Through its online platform Allen and her team hope to demystify the nebulous notion of a “good” school through actual data points on every public, charter and private school within the St. Louis city limits (and eventually beyond). They’ve gathered data through the Missouri Department of Elementary and Secondary Education, the U.S. Department of Education’s Office of Civil Rights and self-reporting from individual schools. Parents or other caregivers interested in researching schools can go onto the organization’s website and perform a search that will pull up a list of all schools, or specific ones based on search terms, and give a basic overview of factors like student learning or safety and climate. They help parents visualize the data with icons that show how schools compare on a city or state average to others in the city. Clicking on an individual school from that list leads to even more information, including the school’s diversity picture, mission statement, cost and education focus, allowing caregivers to get a holistic picture of what a school is all about.
“People ask what makes a good school,” Allen says. “It’s not my job to determine what a good or bad school is. My job is to help people discover what they value and what a good education means to them. You don’t need me to come in and tell you that this is a top-ten school in St. Louis; you need to know what is a good fit for your student. We’re not a school choice organization – that’s not my business. We’re here to tell you that there are options out there and help you find out what you value.”
While they did a soft launch of the website in April, Allen and her team are moving full steam ahead with Navigate STL Schools this fall. Though their plans have had to morph due to COVID-19 precautions – in-person group events and school tours have had to be put on hold as they work out how to do so safely – they are confident that their efforts are resulting in a resource that will increase educational outcomes for students. They also see it as a community-building tool for the city of St. Louis, through allowing people to understand that there are excellent educational opportunities for their children within the city limits, which, Allen admits, bucks the perception of the St. Louis Public Schools system. Their hope is that the dashboard can open parents’ eyes to a world of opportunity right outside their front doors. All they have to do is be willing to see it.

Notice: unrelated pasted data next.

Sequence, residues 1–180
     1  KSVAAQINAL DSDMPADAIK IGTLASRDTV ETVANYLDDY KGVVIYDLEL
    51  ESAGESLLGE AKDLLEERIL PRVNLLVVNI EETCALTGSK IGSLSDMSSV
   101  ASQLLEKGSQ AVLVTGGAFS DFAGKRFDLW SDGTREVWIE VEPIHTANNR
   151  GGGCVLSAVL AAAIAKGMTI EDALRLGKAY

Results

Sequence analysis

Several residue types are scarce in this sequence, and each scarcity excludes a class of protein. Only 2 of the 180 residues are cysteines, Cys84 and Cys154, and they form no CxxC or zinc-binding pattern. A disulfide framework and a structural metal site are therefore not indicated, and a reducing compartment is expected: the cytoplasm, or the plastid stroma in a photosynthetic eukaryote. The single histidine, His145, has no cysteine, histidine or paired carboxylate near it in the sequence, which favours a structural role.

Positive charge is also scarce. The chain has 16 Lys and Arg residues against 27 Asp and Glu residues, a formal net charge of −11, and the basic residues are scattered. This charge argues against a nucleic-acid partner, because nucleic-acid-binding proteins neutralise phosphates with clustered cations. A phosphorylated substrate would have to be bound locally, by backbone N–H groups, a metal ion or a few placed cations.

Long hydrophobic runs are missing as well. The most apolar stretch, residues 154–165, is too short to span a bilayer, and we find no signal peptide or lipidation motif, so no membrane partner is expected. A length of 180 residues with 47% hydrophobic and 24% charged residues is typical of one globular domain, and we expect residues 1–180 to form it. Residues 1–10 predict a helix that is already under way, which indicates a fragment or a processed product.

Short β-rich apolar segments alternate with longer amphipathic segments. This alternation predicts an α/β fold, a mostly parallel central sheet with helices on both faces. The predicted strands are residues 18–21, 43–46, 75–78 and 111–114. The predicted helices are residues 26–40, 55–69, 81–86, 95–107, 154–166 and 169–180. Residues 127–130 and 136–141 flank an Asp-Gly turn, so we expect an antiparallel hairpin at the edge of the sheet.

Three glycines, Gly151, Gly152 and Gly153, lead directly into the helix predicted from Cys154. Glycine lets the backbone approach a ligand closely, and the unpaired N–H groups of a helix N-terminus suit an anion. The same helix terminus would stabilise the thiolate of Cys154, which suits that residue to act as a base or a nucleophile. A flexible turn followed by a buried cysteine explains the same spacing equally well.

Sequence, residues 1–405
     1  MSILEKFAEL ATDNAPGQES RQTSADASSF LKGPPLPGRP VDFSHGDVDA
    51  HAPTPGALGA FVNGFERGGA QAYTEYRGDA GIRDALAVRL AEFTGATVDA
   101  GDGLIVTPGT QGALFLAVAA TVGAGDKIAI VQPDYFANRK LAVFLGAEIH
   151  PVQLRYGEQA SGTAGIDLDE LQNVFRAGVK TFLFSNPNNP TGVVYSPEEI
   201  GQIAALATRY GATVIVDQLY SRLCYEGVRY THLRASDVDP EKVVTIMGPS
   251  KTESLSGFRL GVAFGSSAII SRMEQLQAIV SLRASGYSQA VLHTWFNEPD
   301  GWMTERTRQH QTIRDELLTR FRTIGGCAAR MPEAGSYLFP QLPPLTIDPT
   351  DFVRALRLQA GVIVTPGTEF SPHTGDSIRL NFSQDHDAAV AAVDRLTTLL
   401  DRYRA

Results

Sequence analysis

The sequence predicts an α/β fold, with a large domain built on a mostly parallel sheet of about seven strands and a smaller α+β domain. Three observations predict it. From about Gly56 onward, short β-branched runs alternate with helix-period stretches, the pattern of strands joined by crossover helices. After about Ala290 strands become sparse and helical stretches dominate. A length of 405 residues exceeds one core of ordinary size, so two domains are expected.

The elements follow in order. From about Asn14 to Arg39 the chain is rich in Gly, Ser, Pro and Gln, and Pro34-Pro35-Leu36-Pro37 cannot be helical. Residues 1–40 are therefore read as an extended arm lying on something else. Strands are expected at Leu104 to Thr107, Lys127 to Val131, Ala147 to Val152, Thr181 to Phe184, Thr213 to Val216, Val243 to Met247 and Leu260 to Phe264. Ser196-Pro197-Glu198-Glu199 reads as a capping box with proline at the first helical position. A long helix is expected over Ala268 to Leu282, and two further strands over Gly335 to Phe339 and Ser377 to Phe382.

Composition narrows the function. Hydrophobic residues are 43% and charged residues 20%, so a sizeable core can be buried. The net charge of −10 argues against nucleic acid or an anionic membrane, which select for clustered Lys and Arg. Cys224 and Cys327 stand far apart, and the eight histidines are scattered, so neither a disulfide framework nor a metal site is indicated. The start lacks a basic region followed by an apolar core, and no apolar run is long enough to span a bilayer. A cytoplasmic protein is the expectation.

“It’s powerful if you think of how education can transform,” Allen says. “I saw something about how there aren’t going to be any more snow days because schools have figured out how to offer education online. It was a funny thought, but it makes you think of what other conventions exist because of how we are traditionally educated and were created for a world that doesn’t exist anymore. It’s time to look at how we educate students and see how that works for families regardless of things like a parent’s educational level or type of employment. Just because a program is great for your family doesn’t mean it will be for another. Every building has something to offer your kids.”